Regulars of these waters recognize wolffish for what they are: an especially toothy, and unbelievably ugly, regular occurrence when groundfishing in these parts. To an out-of-towner like me, they can be a shock, but also a welcome catch, Kinnett assured me, as these fish go for up to $20 a pound in local markets. On an early-morning fishing trip, I’d probably be willing to pay that much not to have to look at one of them, but local knowledge carried the day, and the wolffish took up residence on ice.
As we drifted, a mixed bag of cod, haddock and pollock kept making liars of the fish fin-ders. The cod weren’t the bruisers that typically show up earlier in the season and later in the winter, but they were welcome nonetheless. Detecting hits is a knack that comes quickly, but it’s essential in 200 feet of water, where you’d rather not reel up unless there’s a fish on the line. The rigs we drifted were simple but still pretty well-prescribed by the local pros.
Capt. Joshua Kardos, of the Yankee Fleet, targets the cod, pollock and haddock on the southern end of Jeffreys out of Gloucester, Massachusetts, and he explained the proven partyboat setup. “We rig with 5 feet of 80- to 100-pound leader attached to 50-pound line,” Kardos said. “We fish any Norwegian-style jig 12 to 24 ounces or a diamond jig, hammered or smooth on the bottom, and two feet or so above that, a 2-foot dropper loop with some type of teaser: grub tails, flies, soft-plastic lures like Slug-Gos, or 5-inch Kalin’s grubs – it doesn’t matter much.”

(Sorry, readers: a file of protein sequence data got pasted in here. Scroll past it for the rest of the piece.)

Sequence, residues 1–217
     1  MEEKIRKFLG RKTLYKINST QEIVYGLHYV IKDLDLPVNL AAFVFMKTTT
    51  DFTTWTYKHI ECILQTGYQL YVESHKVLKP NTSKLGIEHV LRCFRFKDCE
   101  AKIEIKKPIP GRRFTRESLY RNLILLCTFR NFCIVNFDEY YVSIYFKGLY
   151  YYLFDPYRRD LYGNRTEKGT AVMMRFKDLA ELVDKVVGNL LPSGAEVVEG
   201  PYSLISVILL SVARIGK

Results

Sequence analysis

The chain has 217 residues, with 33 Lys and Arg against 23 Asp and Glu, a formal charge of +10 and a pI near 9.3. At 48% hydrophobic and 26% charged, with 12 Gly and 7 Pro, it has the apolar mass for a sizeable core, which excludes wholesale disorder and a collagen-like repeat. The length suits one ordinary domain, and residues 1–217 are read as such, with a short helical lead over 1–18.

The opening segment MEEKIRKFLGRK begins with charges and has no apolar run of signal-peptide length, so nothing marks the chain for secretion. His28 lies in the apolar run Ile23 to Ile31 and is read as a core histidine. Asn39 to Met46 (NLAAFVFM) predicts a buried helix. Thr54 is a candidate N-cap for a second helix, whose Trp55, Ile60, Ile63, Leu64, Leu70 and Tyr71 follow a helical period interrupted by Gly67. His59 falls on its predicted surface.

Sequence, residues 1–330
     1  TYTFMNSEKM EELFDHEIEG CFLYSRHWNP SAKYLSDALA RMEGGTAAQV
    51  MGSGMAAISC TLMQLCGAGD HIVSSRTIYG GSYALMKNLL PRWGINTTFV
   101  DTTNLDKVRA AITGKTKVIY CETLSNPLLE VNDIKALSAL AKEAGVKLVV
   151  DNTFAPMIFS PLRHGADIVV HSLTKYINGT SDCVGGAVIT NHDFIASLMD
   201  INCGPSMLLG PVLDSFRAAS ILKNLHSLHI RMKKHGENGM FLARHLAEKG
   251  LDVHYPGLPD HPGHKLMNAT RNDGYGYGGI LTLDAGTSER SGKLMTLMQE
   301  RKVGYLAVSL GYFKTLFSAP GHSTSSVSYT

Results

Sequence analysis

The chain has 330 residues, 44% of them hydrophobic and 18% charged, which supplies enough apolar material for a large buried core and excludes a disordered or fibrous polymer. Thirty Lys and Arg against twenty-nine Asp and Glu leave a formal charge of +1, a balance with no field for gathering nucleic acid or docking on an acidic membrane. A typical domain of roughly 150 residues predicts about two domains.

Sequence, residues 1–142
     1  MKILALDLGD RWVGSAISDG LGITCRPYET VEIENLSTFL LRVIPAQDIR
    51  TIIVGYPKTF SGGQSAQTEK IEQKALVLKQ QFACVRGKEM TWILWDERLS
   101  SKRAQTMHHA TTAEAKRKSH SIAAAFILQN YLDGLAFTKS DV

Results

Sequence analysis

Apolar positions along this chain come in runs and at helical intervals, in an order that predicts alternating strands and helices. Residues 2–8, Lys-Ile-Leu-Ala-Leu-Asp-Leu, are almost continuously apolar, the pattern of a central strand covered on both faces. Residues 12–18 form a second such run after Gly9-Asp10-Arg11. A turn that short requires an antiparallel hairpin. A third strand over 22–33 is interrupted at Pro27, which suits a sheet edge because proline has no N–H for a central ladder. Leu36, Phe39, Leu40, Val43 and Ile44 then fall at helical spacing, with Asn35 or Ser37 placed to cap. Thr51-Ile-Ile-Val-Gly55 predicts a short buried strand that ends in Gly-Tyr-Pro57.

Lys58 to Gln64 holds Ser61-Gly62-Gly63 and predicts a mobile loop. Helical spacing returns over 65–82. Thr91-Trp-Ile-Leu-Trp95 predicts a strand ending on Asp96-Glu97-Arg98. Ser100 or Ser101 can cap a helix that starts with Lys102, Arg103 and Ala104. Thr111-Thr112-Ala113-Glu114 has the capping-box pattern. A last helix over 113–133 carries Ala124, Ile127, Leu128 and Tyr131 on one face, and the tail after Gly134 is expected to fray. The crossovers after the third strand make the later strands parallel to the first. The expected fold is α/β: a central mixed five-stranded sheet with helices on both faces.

Kardos recommends attaching the leader to the end of the line with a snap swivel for quick leader replacement. “If you get two fish on at once, they’ll bust the rig apart,” he says. To that basic recipe, we added fresh clams on the dropper on a 6/0 hook a couple of feet above a metal jig, a crippled herring in this case. It seems the color, style and brand of terminal tackle aren’t important so long as the necessary functions are fulfilled. On this day, that meant getting the rig on the bottom. Not near the bottom, not a couple of winds above the bottom, but right smack on the gravel.